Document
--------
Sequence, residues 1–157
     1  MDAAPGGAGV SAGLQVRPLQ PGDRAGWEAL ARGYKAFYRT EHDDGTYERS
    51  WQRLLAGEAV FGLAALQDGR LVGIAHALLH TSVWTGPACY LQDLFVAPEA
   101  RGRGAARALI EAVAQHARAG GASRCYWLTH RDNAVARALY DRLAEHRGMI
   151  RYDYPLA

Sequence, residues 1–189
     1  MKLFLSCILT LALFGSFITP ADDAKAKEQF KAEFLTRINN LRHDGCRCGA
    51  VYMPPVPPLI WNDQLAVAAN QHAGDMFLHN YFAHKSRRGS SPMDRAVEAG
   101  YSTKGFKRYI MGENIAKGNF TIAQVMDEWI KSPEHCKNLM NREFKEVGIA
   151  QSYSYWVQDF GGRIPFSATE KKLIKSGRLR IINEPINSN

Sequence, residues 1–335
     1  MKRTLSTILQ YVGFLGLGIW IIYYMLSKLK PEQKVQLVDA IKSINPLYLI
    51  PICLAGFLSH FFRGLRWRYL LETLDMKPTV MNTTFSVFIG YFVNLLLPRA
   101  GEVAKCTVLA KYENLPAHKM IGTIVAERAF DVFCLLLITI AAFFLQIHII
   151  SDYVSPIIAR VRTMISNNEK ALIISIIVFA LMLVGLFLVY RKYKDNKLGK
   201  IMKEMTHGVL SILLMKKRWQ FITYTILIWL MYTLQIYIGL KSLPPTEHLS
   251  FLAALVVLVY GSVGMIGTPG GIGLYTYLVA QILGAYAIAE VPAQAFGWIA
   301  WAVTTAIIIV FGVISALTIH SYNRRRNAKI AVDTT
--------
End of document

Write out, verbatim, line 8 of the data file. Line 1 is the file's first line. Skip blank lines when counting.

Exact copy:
    51  VYMPPVPPLI WNDQLAVAAN QHAGDMFLHN YFAHKSRRGS SPMDRAVEAG